I have flat feet. I never really did anything to protect them growing up. In fact, I wore flat shoes (Wallabees, Burkenstocks, Sabegos, etc.) almost every day. It’s only been in the past few years that I’ve felt the effects of this neglect. I’ve developed nagging pains in my feet, ankles, knees, and lower back. It never occurred to me that it was all related to my collapsed arches until my doctor who also has flat feet pointed it out. Since then, I’ve made some changes.
I used to wear heavy, high-top hiking boots. It never really occurred to me that there was another way. I thought that if my feet were uncomfortable at the end of a hike, that was just part of the experience. When my last pair of boots wore out, I bought a pair of low-top hiking shoes thinking that would make a difference. I chose Keen Targhee II Waterproof Hiking Shoes.
To put it simply, these were the worst shoes I have ever owned. Shoes are a personal thing, so your mileage may vary.
Despite trying several inserts, these shoes failed in so many ways. They were heavy. They were uncomfortable. It was impossible to properly tighten the heel area. The tongue put too much pressure on the top of my foot. The list could go on, but you get the idea.
I wore them for too long, trying to justify the price I paid for them. It finally hit me that I didn’t have to be miserable. After experiencing terrible cramping hiking to the top of Catawba Falls, I drove straight to REI in Asheville and bought a pair of Merrell Men’s Grassbow Air Trail Running Shoes. This has been the best decision I have made in ages.
Why did I resist making the transition to trail runners for so long? I already wear sneakers every day, even to work. Why haven’t I been wearing sneakers on the trail? That’s essentially what trail runners are—more rugged running shoes. I think the thing I was hung up on was waterproofing. Waterproofing sounds like no-brainer until you realize that shoes good at keeping water out are also good at keeping water in.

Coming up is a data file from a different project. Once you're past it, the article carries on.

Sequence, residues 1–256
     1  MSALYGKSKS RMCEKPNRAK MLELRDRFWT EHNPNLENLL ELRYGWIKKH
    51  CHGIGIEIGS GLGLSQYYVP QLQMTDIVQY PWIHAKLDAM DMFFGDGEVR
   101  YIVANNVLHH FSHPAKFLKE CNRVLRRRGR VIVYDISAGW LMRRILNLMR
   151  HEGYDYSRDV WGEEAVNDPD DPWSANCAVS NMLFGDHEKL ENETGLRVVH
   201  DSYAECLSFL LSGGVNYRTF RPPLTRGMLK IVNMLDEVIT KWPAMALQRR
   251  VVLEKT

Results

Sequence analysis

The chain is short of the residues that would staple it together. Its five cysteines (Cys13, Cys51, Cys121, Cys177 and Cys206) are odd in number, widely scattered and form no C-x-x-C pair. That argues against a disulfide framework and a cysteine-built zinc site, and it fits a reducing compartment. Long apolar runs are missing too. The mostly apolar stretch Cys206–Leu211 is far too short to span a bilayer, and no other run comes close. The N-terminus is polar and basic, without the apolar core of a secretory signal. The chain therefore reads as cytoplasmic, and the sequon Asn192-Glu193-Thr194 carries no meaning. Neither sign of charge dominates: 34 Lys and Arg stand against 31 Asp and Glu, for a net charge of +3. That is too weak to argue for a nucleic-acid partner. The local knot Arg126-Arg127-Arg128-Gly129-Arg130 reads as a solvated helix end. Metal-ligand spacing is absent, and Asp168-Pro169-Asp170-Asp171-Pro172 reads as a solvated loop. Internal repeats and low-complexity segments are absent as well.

If you’re doing a multi-day hike—especially in the summer—there’s no guarantee that you won’t have to hike in the rain. All shoes get wet. The idea with trail runners is that you’d rather have a shoe that dries quickly than a shoe that dries slowly. My old boots took days to dry. These new shoes dry overnight. That fact, combined with the comfort and low weight of trail runners, makes me wonder why I didn’t make the switch years ago.
I’m still trying to decide between sets of arch-supporting inserts, but otherwise I’m planning to just keep buying this shoe forever.
My standard footwear starts with a pair of Darn Tough 1/4 Merino Wool Socks. These have a lifetime warranty, so they’re worth the hefty price tag. I don’t bother with sock liners regardless of the temperature. Merino wool naturally wicks. Then I wear my Grassbows with a pair of Dirty Girl Gaiters on top. I should probably add that I use Spenco Total Support Max inserts to cradle my flat feet. This has been the perfect combination for me and I highly recommend it.
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I’ve found a combination of inserts and shoes that work even better than this. It works so well that I’ve just started rebuying this combo whenever the shoes are spent. Learn more: Gear—Hiking with flat feet
Gear—Dirty Girl Gaiters • C.C. Hikes
[…] talked about making the transition to trail runners. Now let me talk about the accessory that has made my shoes even better—gaiters. Most people […]